• Spring
      • video

        Finding the Flow from Kansai to Kochi

        Shikoku’s many mountains, valleys and proximity to the ocean has made it a hidden gem for rafting, kayaking and canyoning enthusiasts willing to take a step or two further from the Golden Route of Kyoto and Osaka.

        Solace and Giant Salamanders in Akiota

        Just beyond Hiroshima City is a tranquil outdoor destination home to some of Japan's last remaining oosanshouo, the elusive giant salamander.
        Kyoto Oni Trail Outdoor Japanvideo

        The Oni Trail: Hiking Coastal Kyoto

        The mystical oni is prevalent in Japanese children’s stories, usually as a way to scare kids straight. Adventure Travel Kyoto is shedding a new light on this folklore and developing a new hiking route in the countryside of Kyoto.
    • Summer
    • Autumn
      • Pow Bar Founder Megumi Scott

        Beyond the Brand: Pow Bar

        An interview with Megumi Scott, the founder of Niseko brand Pow Bar.
        Churamura Okinawa Sea Turtle Marine Conservation

        Churamura: Footprints in the Sand

        Churamura, an NPO in Okinawa, work to conserve marine life and protect endangered sea turtles in Japan's southernmost prefecture.

        Fall in Love with Kawazu

        Enjoy waterfall hikes and hot springs, beautiful beaches and delicious seafood in Kawazu on the western coast of Izu Peninsula.
    • Winter
    • Near Tokyo
    • Near Kyoto
      • video

        Finding the Flow from Kansai to Kochi

        Shikoku’s many mountains, valleys and proximity to the ocean has made it a hidden gem for rafting, kayaking and canyoning enthusiasts willing to take a step or two further from the Golden Route of Kyoto and Osaka.
    • All Regions
    • Article Map
    • Ocean and Beach
    • River and Lake
    • Mountain and Land
    • Sky
    • Snow and Ice
    • Travel
    • Food and Drinks
    • Races and Events

Stretching…The Truth

Since grade school P.E. class you’ve been told to “always stretch before any type of physical activity.” While in principle this is sound advice, the way you stretch may not be as useful as you’ve been led to believe.

For most people, stretching involves moving a muscle into an elongated position and holding it there for 30 to 60 seconds. Technically this is called “static stretching,” but recent research shows it provides minimal injury prevention at best and, at worst, can actually decrease athletic performance.

What’s the point?

Before any sports activity, it’s important to understand what you are trying to accomplish by stretching. Many times you want to prepare your body for explosive dynamic movement. Groups of muscles need to be properly activated, so they are ready to forcefully contract and relax in a rapid, coordinated manner that will bend, twist and propel your body to meet the demands of the sport.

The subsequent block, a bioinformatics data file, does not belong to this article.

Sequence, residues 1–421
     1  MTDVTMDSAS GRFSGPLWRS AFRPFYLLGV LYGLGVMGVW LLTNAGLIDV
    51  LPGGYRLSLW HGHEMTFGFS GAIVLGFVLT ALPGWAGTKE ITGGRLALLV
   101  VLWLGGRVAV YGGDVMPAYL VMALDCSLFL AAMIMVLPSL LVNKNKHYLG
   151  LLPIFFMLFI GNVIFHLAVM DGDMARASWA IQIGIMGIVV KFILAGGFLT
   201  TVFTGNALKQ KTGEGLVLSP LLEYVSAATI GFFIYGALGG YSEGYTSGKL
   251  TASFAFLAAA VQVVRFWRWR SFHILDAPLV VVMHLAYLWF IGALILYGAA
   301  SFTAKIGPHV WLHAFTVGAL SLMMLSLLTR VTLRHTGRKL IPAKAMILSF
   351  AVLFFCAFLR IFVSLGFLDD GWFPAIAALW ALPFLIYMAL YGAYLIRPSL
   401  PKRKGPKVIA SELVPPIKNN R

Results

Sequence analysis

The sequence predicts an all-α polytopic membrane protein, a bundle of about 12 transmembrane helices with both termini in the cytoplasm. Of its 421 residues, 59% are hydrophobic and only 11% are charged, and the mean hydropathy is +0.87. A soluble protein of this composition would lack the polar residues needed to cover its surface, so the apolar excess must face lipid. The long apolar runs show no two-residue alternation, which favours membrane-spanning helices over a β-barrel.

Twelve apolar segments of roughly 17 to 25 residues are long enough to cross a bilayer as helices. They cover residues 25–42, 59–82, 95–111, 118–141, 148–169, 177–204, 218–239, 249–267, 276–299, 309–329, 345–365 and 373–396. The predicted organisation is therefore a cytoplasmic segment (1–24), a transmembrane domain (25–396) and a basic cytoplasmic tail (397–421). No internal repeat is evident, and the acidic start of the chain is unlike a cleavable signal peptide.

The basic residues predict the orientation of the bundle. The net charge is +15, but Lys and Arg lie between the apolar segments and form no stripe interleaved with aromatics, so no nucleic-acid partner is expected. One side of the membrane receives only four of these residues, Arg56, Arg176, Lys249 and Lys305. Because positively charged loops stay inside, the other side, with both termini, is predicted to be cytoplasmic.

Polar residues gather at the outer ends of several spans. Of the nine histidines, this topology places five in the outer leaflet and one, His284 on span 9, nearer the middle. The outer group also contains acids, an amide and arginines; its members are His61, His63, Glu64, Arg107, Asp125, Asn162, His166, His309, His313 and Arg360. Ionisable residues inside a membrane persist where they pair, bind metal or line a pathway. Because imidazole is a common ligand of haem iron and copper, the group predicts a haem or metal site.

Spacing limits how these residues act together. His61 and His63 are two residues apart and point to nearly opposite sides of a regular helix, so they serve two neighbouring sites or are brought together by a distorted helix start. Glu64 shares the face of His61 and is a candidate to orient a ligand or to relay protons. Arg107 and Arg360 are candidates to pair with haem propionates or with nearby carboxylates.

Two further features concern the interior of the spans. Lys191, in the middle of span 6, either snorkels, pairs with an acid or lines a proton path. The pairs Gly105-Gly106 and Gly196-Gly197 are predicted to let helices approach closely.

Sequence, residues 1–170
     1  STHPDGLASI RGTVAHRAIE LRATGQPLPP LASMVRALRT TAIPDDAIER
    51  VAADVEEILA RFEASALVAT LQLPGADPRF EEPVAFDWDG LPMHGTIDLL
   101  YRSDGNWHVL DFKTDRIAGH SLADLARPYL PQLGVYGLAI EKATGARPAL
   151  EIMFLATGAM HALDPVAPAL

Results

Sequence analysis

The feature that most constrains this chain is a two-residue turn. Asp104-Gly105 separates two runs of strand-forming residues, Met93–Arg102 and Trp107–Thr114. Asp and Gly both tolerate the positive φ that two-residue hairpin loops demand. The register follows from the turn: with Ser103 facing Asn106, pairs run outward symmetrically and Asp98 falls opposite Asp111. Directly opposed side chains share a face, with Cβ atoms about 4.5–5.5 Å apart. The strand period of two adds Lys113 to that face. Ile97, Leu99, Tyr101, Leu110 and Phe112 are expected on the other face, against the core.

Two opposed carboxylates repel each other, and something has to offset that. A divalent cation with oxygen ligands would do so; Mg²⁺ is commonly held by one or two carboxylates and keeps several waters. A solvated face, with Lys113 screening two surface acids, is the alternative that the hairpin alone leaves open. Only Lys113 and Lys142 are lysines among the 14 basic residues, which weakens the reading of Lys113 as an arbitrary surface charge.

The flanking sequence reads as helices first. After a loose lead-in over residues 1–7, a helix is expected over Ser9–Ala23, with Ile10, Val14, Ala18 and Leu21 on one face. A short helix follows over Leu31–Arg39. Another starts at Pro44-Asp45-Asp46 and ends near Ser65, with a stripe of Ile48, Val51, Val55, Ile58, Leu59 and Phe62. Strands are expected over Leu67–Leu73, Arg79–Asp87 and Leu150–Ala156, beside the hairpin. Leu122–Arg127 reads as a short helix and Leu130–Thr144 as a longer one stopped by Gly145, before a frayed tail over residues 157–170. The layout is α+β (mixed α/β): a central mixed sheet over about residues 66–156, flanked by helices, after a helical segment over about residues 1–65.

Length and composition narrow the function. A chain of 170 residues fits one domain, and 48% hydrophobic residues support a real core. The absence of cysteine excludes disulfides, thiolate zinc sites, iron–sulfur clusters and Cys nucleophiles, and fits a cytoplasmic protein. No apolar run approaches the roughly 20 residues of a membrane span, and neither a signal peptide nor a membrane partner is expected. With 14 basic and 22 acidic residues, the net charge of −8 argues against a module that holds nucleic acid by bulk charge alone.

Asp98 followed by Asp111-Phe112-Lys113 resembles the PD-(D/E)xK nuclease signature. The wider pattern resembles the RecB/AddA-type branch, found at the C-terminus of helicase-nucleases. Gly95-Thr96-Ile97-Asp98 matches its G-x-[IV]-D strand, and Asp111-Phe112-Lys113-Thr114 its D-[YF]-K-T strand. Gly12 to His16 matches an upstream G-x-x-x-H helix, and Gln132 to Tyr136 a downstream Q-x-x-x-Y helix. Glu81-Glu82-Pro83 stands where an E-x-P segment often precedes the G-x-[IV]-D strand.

Since all of this movement is orchestrated by your nervous system, it is essential to get that fired up too, communicating well with your muscles. Simply pulling on some muscles for a few minutes just does not prepare you for dynamic movement.

Furthermore, static stretching has a sedating effect on your nervous system, actually causing drowsiness and decreasing your reaction time—obviously not a good combination prior to hopping on that surfboard or mountain bike.

Length Matters

Stretching should be done via movement to prepare your body for the activities ahead. Begin by rotating and articulating all of your major joints—ankles, knees, hips, spine, shoulder, elbows, wrists and neck. Start gently and slowly increase the force and range of motion as the joints start moving more freely.

You are striving to establish normal muscle length through a natural range of motion. Muscles have an optimal functional length and work synergistically in groups to produce movement around joints. Actively moving joints through a range of motion helps your nervous system correctly set muscle lengths within the groups.

Another pitfall of pre-game static stretching is the habit of targeting one or two muscles in a group, which over-lengthens them in relation to the others. This ultimately disrupts the group’s ability to produce efficient movement and inhibits sports performance.

Once free motion around the joints is established, you should engage in light movement patterns that mimic the activity you will be doing; start off easy and gradually increase to the intensity you would use for the sport. For example, if you’re going surfing, this might include squats, lunges, trunk-twisting and even going through the “pop-up” movement.

For running or biking, you can actually start the activity at a very low intensity for the first five or 10 minutes and gradually increase to your desired level. You should avoid moving in ranges far beyond what you actually need for the sport. A common misconception is that muscles should be really stretched out and loose when, in actuality, certain muscles need to be shorter and tighter as they provide stabilization during movement.

Static stretching is an important technique, but it is most useful at the end of your sporting activity. Correctly applied to the muscles that were frequently contracted, static stretching can help prevent those muscles from becoming chronically shortened and help to release built-up lactic acid, thus reducing muscle soreness.

For further information, the author can be reached at info@somatic-systems.com.

[novo-map id=2 individual=”yes”]

Outdoor Japan logo tree


Latest posts